Finally, a word about climate-induced displacement. To date, countries have been hesitant to apply the refugee definition to people displaced principally by climate-induced forced migration, in large part because a key part of the refugee definition is tied to the risk of persecution based on an unchangeable characteristic about the applicant (nationality, race, family ties, etc.), or a characteristic they should not have to change (religion, political opinion, etc.).[7] On the other hand, TPS has been used to extend protections to victims of natural disasters on multiple occasions, such as to Nicaraguans and Hondurans after Hurricane Mitch in 1998, or to Haitians after the devastating 7.0 magnitude earthquake in 2010.

Myanmar’s neighbours recognise that the country’s complex situation within its borders affects the whole region. Some intellectuals in India have called for exploring a more standardised legal mechanism for recognising protected classes of foreigners in Indian territory[8]. In this context, the nuances of legal features applied to people fleeing Myanmar provide a start to a serious discussion on the subject.

India has some options: adopting the provisions of the 1951 Refugee Convention is one; using other legal mechanisms (with features like group-level recognition, consideration of climate factors, streamlined work authorisation, flexibility to travel, etc.) is another. To some extent, some provisions under the Citizenship Amendment Act (CAA) attempt to provide group-level recognition and legal status for specified communities in a fashion similar to TPS. There are several examples available internationally about how such policies have developed in other settings, which offer comparisons to better understand which are best suited to the Indian context.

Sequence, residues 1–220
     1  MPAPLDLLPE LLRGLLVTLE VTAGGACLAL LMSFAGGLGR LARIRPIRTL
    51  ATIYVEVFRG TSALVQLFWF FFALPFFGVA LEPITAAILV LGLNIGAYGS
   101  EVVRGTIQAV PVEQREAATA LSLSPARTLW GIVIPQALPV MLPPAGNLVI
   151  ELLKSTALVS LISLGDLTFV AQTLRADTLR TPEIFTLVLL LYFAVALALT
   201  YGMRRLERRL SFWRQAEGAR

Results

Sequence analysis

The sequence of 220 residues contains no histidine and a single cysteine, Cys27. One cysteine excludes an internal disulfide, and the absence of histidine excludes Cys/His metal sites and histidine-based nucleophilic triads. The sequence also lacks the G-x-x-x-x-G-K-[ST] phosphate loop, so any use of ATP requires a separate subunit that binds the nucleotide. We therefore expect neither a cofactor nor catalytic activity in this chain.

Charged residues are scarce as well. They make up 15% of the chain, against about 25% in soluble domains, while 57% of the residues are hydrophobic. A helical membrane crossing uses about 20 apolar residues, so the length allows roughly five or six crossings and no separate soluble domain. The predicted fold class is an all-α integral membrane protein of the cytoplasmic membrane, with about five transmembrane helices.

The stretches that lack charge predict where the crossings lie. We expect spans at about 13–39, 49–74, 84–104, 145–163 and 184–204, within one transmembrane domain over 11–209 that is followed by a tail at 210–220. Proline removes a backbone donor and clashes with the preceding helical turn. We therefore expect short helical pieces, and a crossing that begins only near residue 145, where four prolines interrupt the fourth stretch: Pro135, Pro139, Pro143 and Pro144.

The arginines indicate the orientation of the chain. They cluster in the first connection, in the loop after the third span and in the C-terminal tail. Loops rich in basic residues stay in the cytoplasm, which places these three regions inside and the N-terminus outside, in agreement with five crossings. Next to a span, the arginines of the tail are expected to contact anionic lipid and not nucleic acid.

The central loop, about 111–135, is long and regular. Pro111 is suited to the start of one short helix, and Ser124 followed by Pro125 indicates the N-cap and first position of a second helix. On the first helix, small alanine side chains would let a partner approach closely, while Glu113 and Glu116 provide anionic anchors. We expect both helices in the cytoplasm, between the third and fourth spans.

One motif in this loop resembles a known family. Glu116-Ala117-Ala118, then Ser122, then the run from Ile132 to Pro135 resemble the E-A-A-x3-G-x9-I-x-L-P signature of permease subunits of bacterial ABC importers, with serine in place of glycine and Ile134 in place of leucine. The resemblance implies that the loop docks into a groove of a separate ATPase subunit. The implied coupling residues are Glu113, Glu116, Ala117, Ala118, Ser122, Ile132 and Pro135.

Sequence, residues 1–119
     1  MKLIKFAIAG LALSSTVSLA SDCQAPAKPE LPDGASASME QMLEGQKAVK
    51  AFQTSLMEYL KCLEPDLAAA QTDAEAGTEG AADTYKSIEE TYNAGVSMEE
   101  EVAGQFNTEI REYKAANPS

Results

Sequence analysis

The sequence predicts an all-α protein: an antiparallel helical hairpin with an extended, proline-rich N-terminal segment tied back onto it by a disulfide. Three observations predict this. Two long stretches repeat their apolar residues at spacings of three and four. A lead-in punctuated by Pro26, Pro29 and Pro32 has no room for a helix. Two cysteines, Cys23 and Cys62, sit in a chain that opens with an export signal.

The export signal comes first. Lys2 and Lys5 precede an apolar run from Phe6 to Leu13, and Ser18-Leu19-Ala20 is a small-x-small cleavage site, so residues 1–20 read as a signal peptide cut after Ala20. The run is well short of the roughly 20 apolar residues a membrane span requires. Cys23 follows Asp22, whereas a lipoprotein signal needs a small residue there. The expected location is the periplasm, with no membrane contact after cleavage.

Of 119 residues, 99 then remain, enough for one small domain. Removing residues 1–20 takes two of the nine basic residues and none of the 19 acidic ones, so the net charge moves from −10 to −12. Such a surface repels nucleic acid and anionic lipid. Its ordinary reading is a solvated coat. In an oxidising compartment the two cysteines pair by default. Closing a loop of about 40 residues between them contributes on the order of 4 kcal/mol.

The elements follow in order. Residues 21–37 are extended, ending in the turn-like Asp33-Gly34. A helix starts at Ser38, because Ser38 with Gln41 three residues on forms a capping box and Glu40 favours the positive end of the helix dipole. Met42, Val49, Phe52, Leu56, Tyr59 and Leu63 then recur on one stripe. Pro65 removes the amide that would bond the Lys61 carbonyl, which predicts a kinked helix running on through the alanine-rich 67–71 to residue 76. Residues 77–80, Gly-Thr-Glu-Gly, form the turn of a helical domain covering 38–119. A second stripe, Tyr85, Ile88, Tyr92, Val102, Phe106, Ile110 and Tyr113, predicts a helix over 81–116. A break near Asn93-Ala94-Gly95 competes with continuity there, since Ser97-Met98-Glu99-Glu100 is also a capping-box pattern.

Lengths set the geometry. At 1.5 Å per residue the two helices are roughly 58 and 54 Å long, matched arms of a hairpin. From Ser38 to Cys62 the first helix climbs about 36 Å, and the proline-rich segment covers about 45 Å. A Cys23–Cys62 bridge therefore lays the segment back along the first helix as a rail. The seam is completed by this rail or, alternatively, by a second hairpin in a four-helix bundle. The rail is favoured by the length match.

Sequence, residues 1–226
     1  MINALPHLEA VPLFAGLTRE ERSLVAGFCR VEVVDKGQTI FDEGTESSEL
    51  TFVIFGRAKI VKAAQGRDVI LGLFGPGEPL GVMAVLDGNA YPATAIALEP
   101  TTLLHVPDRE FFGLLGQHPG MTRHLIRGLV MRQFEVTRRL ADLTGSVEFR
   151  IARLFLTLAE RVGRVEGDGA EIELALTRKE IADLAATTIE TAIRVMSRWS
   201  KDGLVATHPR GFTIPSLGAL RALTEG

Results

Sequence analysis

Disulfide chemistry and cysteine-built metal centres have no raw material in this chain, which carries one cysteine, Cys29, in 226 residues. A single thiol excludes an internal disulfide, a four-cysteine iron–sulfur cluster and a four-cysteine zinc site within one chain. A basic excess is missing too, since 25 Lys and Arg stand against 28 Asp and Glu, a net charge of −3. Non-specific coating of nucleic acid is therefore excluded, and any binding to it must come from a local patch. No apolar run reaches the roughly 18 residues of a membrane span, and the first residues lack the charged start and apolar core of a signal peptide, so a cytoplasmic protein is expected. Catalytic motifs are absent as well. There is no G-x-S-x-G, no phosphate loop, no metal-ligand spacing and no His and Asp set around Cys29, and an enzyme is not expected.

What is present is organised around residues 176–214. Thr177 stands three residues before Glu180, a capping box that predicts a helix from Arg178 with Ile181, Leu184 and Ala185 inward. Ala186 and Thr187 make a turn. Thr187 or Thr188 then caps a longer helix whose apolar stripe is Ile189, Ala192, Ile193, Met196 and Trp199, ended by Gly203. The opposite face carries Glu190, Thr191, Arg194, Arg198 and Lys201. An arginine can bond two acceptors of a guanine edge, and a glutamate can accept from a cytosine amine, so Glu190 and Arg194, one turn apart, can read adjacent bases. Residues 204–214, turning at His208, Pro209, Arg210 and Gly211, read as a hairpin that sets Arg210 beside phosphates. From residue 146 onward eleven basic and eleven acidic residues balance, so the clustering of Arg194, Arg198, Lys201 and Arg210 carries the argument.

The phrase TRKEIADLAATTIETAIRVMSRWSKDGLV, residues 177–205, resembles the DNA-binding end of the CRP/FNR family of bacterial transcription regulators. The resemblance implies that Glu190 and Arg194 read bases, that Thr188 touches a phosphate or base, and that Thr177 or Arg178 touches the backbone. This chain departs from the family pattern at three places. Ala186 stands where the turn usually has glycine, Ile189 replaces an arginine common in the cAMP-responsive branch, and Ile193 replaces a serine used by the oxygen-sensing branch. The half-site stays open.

[1] Petts, J. ‘TPS vs. Asylum: How Do They Compare?’

[2] In the aftermath of World War II, the United Nations formalized a definition of the word refugee in the 1951 Refugee Convention and additional 1967 Protocol Relating to the Status of Refugees. The original convention applied to people fleeing Europe for events related to WWII.  The 1967 protocol extended the refugee definition to other geographic regions and to situations unrelated to WWII.

[3] ‘An Overview of U.S. Refugee Law and Policy’. American Immigration Council, 21 Sept 2021, modified 22 Oct 2022.

[4] Roy, D. and Klobucista, C. ‘What Is Temporary Protected Status?’ Council on Foreign Relations, last updated 21 Sept 2023.

[5] ‘Refugee definition’. UNHCR Emergency Handbook, last updated 1 March 2019.

[6] India has provided refuge on separate occasions to Pakistanis, Bangladeshis, Sri Lankans, Tibetans, Afghans, and Chin and Rohingya from Myanmar. See Daniel P. Sullivan and Priyali Sur, ‘Shadow of Refuge: Rohingya Refugees in India,’ Refugees International, May 18, 2023,

[7] Patel, P. ‘Navigating terminological dilemmas on “Climate Refugees”’. Gateway House, 7 Dec 2023.

[8] Jaising, I. ‘Welcome All: Instead of CAA, government would do better to sign Geneva Convention on Refugees’. Indian Express, Editorials page, 13 March 2024.

Gateway House

Gateway House: Indian Council on Global Relations is a foreign policy think-tank established in 2009, to engage India’s leading corporations and individuals in debate and scholarship on India’s foreign policy and its role in global affairs. Gateway House’s studies programme will be at the heart of the institute’s scholarship, with original research by global and local scholars in Geo-economics, Geopolitics, Foreign Policy analysis, Bilateral relations, Democracy and nation-building, National security, ethnic conflict and terrorism, Science, technology and innovation, and Energy and Environment.